Why Putin will soon have to nuke Ukraine: Revelation 16

Russia Ukraine War Nuclear Threats Explainer

Why Putin will soon have to choose between losing in Ukraine or using nuclear weapons

September 29, 2022 01:55 PM

Tom Rogan, National Security Writer & Online Editor

Ukraine has both the political and popular resolve to liberate its territory. Thanks to the United States, Britain, Poland, mand the Baltic states , Kyiv also has the economic and military means to believe it can achieve its ambition. In contrast, it is increasingly clear that Russia lacks the popular resolve to endure a bloody war. Equally important, Russia lacks the economic and military means to conduct a drawn-out war.

In the coming months, Vladimir Putin will thus be forced into one of two choices. He can end the war by ceding back those areas of Ukraine that his forces occupy. (Ukraine might allow Putin to keep at least some of Crimea under any ceasefire agreement.) Alternatively, Putin can escalate by using nuclear weapons in an attempt to end continued Western support for Kyiv and pressure President Volodymyr Zelensky into a Russian-favorable ceasefire.

What Putin cannot do, however, is continue to wage war in a conventional fashion.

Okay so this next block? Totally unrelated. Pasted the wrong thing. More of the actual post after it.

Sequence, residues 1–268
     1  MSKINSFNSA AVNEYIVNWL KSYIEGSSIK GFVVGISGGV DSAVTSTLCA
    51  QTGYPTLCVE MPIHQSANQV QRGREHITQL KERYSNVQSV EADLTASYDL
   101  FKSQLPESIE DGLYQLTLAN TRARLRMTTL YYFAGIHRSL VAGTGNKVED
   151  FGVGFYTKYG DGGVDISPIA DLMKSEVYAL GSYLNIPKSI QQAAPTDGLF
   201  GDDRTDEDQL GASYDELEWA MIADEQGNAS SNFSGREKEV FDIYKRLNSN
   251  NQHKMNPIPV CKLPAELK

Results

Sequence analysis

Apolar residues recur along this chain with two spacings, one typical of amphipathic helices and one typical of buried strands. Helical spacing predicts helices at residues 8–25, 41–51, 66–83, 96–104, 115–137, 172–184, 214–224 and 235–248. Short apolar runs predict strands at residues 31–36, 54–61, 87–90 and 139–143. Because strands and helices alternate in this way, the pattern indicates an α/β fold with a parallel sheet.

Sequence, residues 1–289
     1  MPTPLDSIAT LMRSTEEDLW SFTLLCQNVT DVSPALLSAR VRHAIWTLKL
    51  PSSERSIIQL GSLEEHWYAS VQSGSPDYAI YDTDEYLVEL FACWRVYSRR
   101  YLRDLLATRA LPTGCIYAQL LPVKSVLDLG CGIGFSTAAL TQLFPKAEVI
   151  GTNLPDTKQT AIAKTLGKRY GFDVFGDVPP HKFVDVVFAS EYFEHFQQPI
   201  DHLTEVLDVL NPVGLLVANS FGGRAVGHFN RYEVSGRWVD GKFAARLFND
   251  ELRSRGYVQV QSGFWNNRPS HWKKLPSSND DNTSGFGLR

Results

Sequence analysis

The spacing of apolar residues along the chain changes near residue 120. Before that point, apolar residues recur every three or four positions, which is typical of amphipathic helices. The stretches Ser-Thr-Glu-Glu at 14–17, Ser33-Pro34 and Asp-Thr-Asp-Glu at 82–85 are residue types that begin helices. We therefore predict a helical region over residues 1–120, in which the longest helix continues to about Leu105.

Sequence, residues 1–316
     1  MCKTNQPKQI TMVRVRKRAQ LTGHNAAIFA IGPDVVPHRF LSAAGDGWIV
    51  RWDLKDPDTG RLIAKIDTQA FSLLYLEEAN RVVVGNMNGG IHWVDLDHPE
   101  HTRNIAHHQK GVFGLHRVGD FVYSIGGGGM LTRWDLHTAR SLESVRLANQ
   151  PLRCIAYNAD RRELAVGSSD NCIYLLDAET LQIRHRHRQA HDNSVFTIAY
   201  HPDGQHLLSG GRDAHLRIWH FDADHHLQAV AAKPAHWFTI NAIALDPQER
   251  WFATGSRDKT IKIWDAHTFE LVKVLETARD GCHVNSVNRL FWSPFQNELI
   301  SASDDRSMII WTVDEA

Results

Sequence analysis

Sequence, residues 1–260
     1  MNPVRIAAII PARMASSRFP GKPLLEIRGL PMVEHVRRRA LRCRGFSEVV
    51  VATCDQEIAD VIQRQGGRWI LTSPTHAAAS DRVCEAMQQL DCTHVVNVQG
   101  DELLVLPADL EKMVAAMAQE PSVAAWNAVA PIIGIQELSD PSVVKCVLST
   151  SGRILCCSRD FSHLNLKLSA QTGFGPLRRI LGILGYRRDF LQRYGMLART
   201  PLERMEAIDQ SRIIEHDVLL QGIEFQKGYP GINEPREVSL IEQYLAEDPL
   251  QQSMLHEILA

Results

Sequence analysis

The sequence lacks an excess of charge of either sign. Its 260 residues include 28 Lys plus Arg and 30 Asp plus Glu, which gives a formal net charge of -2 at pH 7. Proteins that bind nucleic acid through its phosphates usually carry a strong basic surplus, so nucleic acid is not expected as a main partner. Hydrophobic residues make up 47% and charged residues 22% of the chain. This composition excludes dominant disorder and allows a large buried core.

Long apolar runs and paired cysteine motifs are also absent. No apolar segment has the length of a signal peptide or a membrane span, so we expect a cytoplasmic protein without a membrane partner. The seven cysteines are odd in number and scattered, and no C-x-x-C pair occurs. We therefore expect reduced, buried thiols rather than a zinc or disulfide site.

Top line: Putin’s draft of at least 300,000 conscripts — possibly to rise to more than 1 million — cannot reverse his recent record of battlefield losses. That’s because those losses are not the result of manpower shortages per se, though that is a factor. Rather, Putin’s central problem is that his military lacks credible leadership and professionalism and is beset by low morale and terrible logistics . The scale of this challenge is underlined by the inability of Russian forces to conduct even orderly ground retreats, let alone combined arms offensives. As in eastern Ukraine, this has opened Russian lines to high-mobility Ukrainian flanking attacks, which enable Ukraine to retake vast areas of territory while forcing rolling Russian surrenders and abandonment of priceless equipment.

Putin’s logistics problem is only set to grow. Russia, after all, is rapidly depleting its stocks of artillery, missiles, bombs, and other weapons. This is to say nothing of the thousands of Russian tanks, armored personnel carriers, electronic warfare vehicles, air defense systems, and aircraft that Ukraine has captured or destroyed. The Kremlin is desperately attempting to hide this military supply chain crisis, but Western intelligence services are convinced that it is critical. Indeed, one need only look at leaked videos on social media that show Russian conscripts issued archaic rifles being told to bring their own sleeping bags to war. One need only look at the increasingly desperate calls by top Kremlin officials to bolster military production. One need only look at the increasingly ludicrous, if escalatory, rhetoric on Russian state media.